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  • My eighth grade English teacher got blown up by a Molotov cocktail. The news of his death came to my mother in a letter because she had been his co-worker, and we had moved away at the end of my eighth grade year.

    I sat at the kitchen table, and my mother relayed what she knew. Mr. Babcock had been in El Salvador for almost three years. A recent election incited riots in the capital city, and Mr. Babcock was a party when the riots started. Word came from the American Embassy that foreigners should stay put for the night, and try to get home when the riots subsided.

    Mr. Babcock ignored the advice, and drove home about midnight. When he got out of his car to open the gate to his carport, a bomb went off. Mr. Babcock didn’t survive.

    “I think you were a bright spot in his day when you were in his class,” my mother commented. I didn’t fully understand this comment at the time, but now that I manage my own classroom, I think I do. I have students, especially in a difficult class, who I would consider “bright spots” because they try hard, they care about the subject, or they have a good attitude.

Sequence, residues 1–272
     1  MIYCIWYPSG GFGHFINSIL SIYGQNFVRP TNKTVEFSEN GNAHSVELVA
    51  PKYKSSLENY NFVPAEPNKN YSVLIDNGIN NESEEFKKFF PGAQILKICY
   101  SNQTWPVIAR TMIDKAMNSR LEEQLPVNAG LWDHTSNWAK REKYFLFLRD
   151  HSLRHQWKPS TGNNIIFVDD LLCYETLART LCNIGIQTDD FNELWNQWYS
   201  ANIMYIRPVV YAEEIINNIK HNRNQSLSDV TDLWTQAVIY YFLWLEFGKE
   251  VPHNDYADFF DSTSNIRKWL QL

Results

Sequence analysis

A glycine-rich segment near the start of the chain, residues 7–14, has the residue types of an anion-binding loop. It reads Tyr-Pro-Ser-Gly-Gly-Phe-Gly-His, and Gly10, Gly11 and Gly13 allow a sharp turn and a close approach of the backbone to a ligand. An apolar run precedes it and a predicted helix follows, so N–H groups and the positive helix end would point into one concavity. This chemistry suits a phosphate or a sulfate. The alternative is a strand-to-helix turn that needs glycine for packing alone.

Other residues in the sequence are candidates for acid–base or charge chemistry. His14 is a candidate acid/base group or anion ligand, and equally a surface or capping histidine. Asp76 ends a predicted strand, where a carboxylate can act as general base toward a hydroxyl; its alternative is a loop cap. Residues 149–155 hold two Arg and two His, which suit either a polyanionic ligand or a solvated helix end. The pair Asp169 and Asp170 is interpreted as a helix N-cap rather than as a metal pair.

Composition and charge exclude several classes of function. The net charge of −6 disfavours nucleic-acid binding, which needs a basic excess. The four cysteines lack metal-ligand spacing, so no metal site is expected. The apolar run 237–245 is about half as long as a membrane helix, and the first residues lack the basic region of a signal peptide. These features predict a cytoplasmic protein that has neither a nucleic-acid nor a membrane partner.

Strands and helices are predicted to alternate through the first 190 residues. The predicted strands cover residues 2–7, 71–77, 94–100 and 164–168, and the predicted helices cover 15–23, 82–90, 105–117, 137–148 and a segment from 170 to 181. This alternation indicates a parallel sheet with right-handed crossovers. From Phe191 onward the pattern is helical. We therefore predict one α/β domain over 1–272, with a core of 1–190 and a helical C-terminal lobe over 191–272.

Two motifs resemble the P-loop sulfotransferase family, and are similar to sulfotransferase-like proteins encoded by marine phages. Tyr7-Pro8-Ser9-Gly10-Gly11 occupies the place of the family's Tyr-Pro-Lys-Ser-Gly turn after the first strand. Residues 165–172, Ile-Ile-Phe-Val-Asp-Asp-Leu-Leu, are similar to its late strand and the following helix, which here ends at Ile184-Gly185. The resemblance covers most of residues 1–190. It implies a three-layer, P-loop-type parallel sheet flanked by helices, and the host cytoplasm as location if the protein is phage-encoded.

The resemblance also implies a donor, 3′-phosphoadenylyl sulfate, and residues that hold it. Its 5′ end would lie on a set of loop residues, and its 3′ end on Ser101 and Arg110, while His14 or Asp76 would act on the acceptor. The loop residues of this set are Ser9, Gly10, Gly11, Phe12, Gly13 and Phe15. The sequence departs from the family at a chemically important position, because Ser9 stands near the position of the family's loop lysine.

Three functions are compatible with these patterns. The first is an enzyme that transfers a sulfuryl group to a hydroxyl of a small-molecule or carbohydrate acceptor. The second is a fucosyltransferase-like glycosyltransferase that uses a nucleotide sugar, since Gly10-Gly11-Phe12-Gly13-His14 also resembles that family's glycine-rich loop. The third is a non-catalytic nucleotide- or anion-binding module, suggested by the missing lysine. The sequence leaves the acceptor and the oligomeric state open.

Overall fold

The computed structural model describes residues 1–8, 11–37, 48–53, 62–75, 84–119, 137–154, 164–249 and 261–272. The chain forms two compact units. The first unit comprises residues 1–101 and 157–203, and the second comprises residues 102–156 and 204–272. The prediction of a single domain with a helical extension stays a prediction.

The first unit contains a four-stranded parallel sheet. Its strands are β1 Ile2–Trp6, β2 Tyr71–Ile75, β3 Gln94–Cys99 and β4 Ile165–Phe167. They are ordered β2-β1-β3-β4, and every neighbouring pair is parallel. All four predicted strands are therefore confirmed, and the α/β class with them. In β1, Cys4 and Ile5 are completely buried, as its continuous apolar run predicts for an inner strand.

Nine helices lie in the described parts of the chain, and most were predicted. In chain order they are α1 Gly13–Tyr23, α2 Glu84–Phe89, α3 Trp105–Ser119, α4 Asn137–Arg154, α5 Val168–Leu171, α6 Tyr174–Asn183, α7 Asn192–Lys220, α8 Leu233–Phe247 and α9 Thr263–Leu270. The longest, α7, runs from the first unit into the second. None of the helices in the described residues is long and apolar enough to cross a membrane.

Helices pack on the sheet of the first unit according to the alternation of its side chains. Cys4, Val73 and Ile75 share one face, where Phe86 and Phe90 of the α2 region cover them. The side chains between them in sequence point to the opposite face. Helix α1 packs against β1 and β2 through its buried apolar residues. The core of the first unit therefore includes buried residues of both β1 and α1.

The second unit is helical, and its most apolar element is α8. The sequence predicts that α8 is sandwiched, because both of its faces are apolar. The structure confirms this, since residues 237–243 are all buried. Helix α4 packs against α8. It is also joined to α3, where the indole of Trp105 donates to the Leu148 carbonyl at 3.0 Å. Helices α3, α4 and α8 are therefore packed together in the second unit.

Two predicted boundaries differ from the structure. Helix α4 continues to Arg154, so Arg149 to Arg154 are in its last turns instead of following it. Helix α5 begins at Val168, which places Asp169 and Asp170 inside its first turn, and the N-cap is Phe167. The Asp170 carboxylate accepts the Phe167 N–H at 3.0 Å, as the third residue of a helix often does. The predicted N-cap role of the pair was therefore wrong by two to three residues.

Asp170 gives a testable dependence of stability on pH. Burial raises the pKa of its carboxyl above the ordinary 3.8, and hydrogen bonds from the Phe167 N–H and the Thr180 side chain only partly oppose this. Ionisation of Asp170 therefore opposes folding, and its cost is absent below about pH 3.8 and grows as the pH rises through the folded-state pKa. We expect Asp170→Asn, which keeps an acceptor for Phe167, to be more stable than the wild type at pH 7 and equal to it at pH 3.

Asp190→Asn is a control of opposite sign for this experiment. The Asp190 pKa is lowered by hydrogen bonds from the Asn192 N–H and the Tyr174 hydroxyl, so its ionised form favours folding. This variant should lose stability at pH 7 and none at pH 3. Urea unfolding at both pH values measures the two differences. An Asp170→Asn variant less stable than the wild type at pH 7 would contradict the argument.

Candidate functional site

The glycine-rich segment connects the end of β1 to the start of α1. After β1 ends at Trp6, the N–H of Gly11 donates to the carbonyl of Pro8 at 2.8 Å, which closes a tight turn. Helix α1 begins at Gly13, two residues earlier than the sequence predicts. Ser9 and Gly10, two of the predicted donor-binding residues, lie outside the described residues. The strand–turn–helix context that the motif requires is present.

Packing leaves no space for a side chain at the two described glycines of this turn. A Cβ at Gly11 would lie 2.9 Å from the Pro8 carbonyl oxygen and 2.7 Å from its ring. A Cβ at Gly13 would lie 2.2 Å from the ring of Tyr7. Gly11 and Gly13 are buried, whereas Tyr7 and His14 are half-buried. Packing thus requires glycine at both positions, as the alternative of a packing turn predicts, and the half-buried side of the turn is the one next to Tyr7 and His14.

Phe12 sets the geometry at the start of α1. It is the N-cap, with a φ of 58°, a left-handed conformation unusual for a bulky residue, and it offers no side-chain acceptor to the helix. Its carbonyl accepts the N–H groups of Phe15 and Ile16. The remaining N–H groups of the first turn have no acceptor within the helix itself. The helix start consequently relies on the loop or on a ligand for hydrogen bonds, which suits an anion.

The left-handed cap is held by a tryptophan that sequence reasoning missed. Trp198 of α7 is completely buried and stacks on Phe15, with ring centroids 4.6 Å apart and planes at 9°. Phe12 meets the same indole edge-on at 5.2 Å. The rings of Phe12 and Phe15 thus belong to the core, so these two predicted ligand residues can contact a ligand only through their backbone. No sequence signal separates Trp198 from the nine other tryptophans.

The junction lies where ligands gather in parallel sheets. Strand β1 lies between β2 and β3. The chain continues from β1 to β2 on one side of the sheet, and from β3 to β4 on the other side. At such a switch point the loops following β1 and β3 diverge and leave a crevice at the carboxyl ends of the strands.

I was in Mr. Babcock’s very first class. He chose to spend his first year as a teacher in private school for rich Salvadorans during a time when their country continued to carry on a civil war. Most of my classmates spoke English as a second language and came from very wealthy families. Their whole lives were already mapped out and paid for. I, on the other hand, had a hunger for reading and writing in English, and probably had a family background similar to his. No wonder I was his “bright spot.”

    I owe Mr. Babcock big time. He challenged our class to write poems, and I co-authored mine with a classmate. The poem was about a daisy, and it flopped. I got so mad I went home and wrote another one just to prove to myself that I could. I fell in love with poetry that day, and I haven’t been able to stop writing poems since then.

    Often I like to go back to people who have helped me or encouraged me and tell them thank you. I can’t do that now for Mr. Babcock because his life ended after only three years of teaching. He couldn’t have been much more than twenty-six. But if I could speak to him, I would say this. “Your job was to teach, and you taught me I could write poems. And writing poems has kept me sane through a lot of dark times, and given me joy, and connected me to people I love. Thank you. You did your job well, and your life mattered to me.”
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